In the lead up to the Queensland State Election, the Queensland Coalition for Action on Alcohol (QCAA) of which FARE is a founding member, has been urging all political parties to commit to a comprehensive evidence-based plan to prevent alcohol harms ahead of the Election.
The QCAA election platform, ‘Our Shout’, includes measures to reduce alcohol violence, to protect children and families, support communities, reduce the burden on the Queensland health system and to develop a whole of government approach to reducing alcohol harms.
You can help raise awareness of Queensland’s increasing alcohol harms and encourage candidates in the up-coming election to commit to the QCAA election platform by distributing this page among your networks and sharing our latest campaigning efforts, below. You can also follow @QLDCAA on Twitter as we ask politicians what they will do to reduce alcohol harms.
Alcohol policy scorecard: glass half full
A new report has found the Liberal National Party (LNP) has little appetite for evidence-based measures to reduce alcohol harms; with the Newman Government (LNP) indicating full support for only one in ten alcohol policy measures proposed by a group of leading public health experts.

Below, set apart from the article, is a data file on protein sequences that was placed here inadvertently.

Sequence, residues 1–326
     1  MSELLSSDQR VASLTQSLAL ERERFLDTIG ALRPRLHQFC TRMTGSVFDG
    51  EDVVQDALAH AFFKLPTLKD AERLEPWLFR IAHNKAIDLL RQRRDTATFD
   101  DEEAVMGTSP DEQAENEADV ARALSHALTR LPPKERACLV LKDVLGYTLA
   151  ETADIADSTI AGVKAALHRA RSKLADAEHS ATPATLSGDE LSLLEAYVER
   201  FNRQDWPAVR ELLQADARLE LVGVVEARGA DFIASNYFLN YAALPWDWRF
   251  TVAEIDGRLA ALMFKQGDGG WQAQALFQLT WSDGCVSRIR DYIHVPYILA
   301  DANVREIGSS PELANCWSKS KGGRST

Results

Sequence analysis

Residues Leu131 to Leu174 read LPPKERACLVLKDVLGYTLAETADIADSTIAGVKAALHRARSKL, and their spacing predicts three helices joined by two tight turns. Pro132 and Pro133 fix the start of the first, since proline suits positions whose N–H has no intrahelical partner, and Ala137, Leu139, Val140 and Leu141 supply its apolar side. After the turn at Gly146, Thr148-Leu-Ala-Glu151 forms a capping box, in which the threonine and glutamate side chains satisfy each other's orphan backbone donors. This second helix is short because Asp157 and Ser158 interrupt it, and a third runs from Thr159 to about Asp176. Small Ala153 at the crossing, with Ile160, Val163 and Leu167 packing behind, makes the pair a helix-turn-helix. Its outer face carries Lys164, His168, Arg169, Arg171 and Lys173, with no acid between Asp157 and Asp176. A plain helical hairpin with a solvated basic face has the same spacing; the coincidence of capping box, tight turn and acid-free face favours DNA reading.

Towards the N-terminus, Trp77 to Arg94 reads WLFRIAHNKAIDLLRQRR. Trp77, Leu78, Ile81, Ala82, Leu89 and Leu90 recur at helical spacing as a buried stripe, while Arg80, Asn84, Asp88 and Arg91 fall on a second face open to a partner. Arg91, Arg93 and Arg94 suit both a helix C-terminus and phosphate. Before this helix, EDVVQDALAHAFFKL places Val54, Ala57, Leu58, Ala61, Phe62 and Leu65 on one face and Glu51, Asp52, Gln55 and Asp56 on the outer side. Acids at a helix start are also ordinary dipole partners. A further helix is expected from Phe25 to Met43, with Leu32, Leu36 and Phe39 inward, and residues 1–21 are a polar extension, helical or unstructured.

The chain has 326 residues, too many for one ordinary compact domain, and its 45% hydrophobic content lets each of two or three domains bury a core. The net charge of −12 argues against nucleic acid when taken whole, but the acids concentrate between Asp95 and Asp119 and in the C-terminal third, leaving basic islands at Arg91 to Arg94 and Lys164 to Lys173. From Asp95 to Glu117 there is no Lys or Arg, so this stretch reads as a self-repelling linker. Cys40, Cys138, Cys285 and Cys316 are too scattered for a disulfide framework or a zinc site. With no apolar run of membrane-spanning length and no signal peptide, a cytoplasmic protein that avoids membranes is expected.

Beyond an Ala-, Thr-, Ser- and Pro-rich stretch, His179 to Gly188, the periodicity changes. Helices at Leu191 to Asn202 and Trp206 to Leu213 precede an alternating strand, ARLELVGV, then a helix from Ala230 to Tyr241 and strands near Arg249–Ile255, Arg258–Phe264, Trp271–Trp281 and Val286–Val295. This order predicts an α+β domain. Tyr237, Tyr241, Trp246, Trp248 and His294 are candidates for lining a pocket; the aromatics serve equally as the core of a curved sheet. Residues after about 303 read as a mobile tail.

The Queensland Greens, Labor and Katter’s Australian Party (KAP) all performed better, and the Queensland Coalition for Action on Alcohol (QCAA) says it is encouraged by the alcohol policy scorecard findings, and the growing support for more effective policy measures.
Alcohol industry donations flow to liberal national party
The alcohol industry has donated over $408,000 to Queensland political parties over the last three years, with 92 per cent of those funds being channelled to the Liberal National Party (LNP). The Queensland hotel sector had the deepest pockets ($156,826) with the sector accounting for over 38 per cent of total alcohol industry donations.
The study, published by the Foundation for Alcohol Research and Education (FARE), examined Queensland Electoral Commission (QEC) data of declared donations from the alcohol industry to major Queensland political parties between July 2011 and June 2014.
Queenslanders call politicians to account over alcohol harms
Queensland has a problem with alcohol, and with less than two weeks until the 2015 QLD State Election, voters are calling on the major parties to outline their plans to address the State’s heavy alcohol toll.
New polling released today has shown a majority (74%) of Queenslanders believe that more needs to be done to reduce the harm caused by alcohol, with 64 per cent calling on Premier Campbell Newman and Queensland Labor Leader Annastacia Palaszczuk, to outline their plans to address alcohol-related harms ahead of the Election.